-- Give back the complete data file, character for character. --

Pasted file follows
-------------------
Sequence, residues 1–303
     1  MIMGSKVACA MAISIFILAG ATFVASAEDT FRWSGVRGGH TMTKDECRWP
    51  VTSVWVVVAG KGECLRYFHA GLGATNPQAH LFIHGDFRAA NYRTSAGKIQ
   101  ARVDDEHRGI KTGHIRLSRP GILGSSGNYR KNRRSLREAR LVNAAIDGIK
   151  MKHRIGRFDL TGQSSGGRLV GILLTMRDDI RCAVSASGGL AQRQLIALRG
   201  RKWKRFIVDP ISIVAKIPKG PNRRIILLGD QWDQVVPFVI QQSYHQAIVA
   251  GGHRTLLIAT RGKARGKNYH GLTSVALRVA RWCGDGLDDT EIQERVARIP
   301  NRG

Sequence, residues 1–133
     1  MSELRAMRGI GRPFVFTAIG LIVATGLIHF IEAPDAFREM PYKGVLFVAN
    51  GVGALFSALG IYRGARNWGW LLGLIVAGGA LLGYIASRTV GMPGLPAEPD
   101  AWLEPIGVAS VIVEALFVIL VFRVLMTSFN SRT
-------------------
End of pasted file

Sequence, residues 1–303
     1  MIMGSKVACA MAISIFILAG ATFVASAEDT FRWSGVRGGH TMTKDECRWP
    51  VTSVWVVVAG KGECLRYFHA GLGATNPQAH LFIHGDFRAA NYRTSAGKIQ
   101  ARVDDEHRGI KTGHIRLSRP GILGSSGNYR KNRRSLREAR LVNAAIDGIK
   151  MKHRIGRFDL TGQSSGGRLV GILLTMRDDI RCAVSASGGL AQRQLIALRG
   201  RKWKRFIVDP ISIVAKIPKG PNRRIILLGD QWDQVVPFVI QQSYHQAIVA
   251  GGHRTLLIAT RGKARGKNYH GLTSVALRVA RWCGDGLDDT EIQERVARIP
   301  NRG

Sequence, residues 1–133
     1  MSELRAMRGI GRPFVFTAIG LIVATGLIHF IEAPDAFREM PYKGVLFVAN
    51  GVGALFSALG IYRGARNWGW LLGLIVAGGA LLGYIASRTV GMPGLPAEPD
   101  AWLEPIGVAS VIVEALFVIL VFRVLMTSFN SRT